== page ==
MYRTLE BEACH — When you first enter the room, the set of false teeth on the arm of the chair nearest the door stands out like a pimple on the face of a beauty queen.
As with the pimple, your eye is repeatedly drawn back to the teeth, a seeming incongruity amid the glitz and gleam of the new dental simulation lab in Horry-Georgetown Technical College’s just-debuted addition to the Dr. Robert E. Speir Jr. Healthcare Education Center on the Grand Strand Campus.
Unlike the pimple, though, you come to see after an explanation by Phil Render, HGTC associate vice president and dean of health sciences, that the set of teeth is really a beauty mark that enhances rather than takes from the visual impression of the lab filled with dental chairs and computer screens.
The lab – which may be the most high-tech in the Southeast – is perhaps the first bragging point of the new facility with HGTC officials, but the overall facility is impressive for a number of reasons.
Next door to the simulation lab on one side is the materials lab, where the school’s dental assistant and dental hygiene students learn how to take impressions, make temporary crowns and polish restorations and fillings, among other things. On the other side is the school’s new dental clinic, where students will continue to give their approximately 3,000 Grand Strand patients primary dental care and will team up with seniors from the dental school at the Medical University of South Carolina to offer some higher-level care as well.
The partnership of students from the two schools, Render said, will give both experience working with the other that will make each more valuable to dental practices upon graduation.
MUSC students aren’t the only outside visitors the new dental complex is likely to have, either. Practicing dentists and their staff members are expected to use the facilities and associated classrooms for required continuing education and to test the newest in dental equipment to see if they want to purchase it for their offices.
The completion of the complex brings together all of HGTC’s allied health education courses under the roof of the old hospital for the former Myrtle Beach Air Force Base and the adjoining addition.
The school purchased the hospital in 2004, and HGTC President Neyle Wilson said officials made a decision at that time to hold off on moving the dental facilities from the Conway campus because the equipment the school had then was still up-to-date with years of viable teaching life ahead.
When the school decided to make the move, a team was formed to recommend what it should look like and what should be included. The team consisted of Alice Derouen, department chair of dental sciences and chair of the dental hygiene program, Pam Moyers, coordinator of the expanded duty dental assistant program, and Jamie Sawyer, professor of dental hygiene and assisting. Render served as an adviser to the group and the chief presenter when items went before the college board for approval.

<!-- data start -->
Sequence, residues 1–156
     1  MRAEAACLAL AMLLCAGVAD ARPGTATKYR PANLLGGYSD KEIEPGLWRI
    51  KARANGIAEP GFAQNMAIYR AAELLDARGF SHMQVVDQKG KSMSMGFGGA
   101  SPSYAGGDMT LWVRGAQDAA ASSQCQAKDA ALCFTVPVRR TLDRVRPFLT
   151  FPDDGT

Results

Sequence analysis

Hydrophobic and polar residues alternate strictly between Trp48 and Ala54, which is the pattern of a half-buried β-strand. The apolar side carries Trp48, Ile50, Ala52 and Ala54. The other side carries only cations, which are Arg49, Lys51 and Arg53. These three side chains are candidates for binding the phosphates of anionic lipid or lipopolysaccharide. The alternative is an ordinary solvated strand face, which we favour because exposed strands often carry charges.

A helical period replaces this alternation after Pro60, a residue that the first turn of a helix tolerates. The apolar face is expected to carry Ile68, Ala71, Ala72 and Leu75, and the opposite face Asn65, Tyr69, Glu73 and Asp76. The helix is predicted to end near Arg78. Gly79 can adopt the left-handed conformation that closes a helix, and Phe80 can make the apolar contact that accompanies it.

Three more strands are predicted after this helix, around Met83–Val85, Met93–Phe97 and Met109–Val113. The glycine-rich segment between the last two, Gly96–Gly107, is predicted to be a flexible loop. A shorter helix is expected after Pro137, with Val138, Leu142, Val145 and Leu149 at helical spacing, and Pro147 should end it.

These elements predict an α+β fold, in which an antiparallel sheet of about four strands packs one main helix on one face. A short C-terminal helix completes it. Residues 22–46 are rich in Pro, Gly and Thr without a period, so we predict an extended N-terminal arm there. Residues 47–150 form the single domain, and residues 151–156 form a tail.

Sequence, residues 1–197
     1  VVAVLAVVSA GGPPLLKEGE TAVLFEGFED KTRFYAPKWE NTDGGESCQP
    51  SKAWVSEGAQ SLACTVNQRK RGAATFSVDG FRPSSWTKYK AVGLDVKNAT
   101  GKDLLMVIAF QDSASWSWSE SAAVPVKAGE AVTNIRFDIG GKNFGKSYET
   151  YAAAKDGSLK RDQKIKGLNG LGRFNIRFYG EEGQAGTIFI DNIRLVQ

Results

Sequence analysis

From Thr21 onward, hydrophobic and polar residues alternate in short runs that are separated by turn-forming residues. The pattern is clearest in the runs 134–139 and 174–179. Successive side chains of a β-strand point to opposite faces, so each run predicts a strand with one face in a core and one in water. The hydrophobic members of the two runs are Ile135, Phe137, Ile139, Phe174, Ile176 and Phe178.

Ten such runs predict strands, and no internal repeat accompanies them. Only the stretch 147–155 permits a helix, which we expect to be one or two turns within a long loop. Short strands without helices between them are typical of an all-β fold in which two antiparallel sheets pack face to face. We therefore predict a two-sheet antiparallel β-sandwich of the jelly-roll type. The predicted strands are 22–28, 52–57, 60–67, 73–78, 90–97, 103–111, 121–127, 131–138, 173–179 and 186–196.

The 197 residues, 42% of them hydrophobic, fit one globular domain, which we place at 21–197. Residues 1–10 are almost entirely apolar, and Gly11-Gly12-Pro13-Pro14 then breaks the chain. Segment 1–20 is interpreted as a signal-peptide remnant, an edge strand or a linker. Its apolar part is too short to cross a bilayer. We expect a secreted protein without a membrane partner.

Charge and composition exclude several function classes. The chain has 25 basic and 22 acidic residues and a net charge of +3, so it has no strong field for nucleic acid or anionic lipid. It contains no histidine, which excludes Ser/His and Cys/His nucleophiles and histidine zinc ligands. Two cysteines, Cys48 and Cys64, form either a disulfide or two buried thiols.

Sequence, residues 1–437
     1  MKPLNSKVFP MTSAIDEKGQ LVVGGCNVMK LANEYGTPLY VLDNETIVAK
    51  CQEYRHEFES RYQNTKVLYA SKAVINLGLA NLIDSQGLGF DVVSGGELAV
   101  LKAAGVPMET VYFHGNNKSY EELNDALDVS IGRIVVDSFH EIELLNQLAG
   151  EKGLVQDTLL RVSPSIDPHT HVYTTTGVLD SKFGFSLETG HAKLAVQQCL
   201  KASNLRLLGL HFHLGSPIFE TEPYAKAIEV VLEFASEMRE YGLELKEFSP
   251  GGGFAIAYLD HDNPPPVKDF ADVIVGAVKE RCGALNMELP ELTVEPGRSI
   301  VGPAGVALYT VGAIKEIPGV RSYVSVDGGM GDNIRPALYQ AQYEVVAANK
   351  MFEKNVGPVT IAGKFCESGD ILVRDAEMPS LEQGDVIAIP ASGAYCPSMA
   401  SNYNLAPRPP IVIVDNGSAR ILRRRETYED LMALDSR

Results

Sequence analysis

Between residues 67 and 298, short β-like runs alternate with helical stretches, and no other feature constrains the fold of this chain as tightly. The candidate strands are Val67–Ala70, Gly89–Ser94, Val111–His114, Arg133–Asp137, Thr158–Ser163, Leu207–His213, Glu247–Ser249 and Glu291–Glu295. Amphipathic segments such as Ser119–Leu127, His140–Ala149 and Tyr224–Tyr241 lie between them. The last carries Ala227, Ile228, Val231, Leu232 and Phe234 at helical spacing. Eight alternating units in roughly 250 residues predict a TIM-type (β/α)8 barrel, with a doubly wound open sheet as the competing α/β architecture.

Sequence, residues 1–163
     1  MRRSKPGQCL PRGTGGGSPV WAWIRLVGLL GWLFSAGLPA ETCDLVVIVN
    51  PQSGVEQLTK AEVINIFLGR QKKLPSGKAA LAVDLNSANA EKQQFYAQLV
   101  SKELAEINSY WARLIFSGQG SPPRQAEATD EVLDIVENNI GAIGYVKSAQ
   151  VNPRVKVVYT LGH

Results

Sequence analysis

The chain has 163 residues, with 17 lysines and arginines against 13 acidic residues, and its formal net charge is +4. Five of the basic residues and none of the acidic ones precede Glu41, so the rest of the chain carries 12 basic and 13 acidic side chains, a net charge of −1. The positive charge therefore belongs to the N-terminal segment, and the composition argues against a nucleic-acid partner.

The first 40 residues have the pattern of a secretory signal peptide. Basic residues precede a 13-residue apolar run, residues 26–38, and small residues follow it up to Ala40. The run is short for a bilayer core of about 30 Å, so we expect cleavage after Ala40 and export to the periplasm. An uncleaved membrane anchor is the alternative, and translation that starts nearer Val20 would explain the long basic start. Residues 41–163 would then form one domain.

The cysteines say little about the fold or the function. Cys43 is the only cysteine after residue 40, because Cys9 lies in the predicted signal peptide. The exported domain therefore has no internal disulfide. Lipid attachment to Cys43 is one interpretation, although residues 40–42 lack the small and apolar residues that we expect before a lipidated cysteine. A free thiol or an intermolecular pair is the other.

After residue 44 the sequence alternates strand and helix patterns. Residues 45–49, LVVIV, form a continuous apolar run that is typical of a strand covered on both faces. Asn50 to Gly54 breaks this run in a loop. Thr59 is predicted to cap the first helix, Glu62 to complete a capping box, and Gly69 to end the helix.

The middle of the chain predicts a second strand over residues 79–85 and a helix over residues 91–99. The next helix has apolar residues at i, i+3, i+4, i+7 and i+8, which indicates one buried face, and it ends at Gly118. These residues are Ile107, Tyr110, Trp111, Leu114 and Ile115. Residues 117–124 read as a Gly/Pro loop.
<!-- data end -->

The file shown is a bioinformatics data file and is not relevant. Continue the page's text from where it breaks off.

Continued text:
Wilson said the requests made some pause and think about the cost-benefit of the expensive requests, but in the end board members decided to approve all the committee sought in what became a $7.4 million project.
“We wanted to be ahead of the curve,” Wilson said.
That’s why the simulation lab is the only digital facility among South Carolina’s technical college system and one computer generation ahead of the simulation lab at MUSC’s dental school. Wilson said he understands that it will take money for HGTC to keep up with fast-changing technology, but he believes the school will be able to do that with revenue sources it already has.
Render said he believes the technology in the new simulation lab will be viable for a decade.
The new simulation lab, as well as the materials lab and clinic, all feature centralized teaching stations where instructors can monitor students’ work as well as project assignments to laptops or video screens at each work station. Two monitors are in each of the clinic’s stations, one behind the patient where the dentist, hygienist or assistant can see close-up the teeth they’re working on, and one in front of the patient where the same picture – or a rerun of Gilligan’s Island, for instance – can be projected to the patient.
In the two labs, overhead cameras will be able to show work in progress and project assignments to screens in front of students or to classrooms on the second floor of the new facility. The three classrooms – one can accommodate 80 students – will be shared with students in the bachelor of science in nursing program at Coastal Carolina University.
Render and Moyers could no doubt talk for hours about HGTC’s dental spiffiness, but you find as they speak that your attention is drawn back to the teeth on the arm of the chair.
They’re encased in a plastic, flesh-like structure perhaps two inches high. Almost involuntarily, your hand reaches toward the teeth and your curious mind is on guard for a command to stop from your tour guides.
It doesn’t come and you find yourself stroking the pliable material that may look like flesh, sort of, but feels like plastic. You discover that the “lips” can be moved and you tweak the upper one so that more of the top row of teeth is exposed.
Neat, you think.
“Is this it?” you ask Render. “Is there more?”
Yes, he answers, there is more.
If it wasn’t enough to have teeth lying there on the arm of the chair for students and professionals to study and work on, the school also has a supply of simulated heads.
Contact STEVE JONES at 444-1765.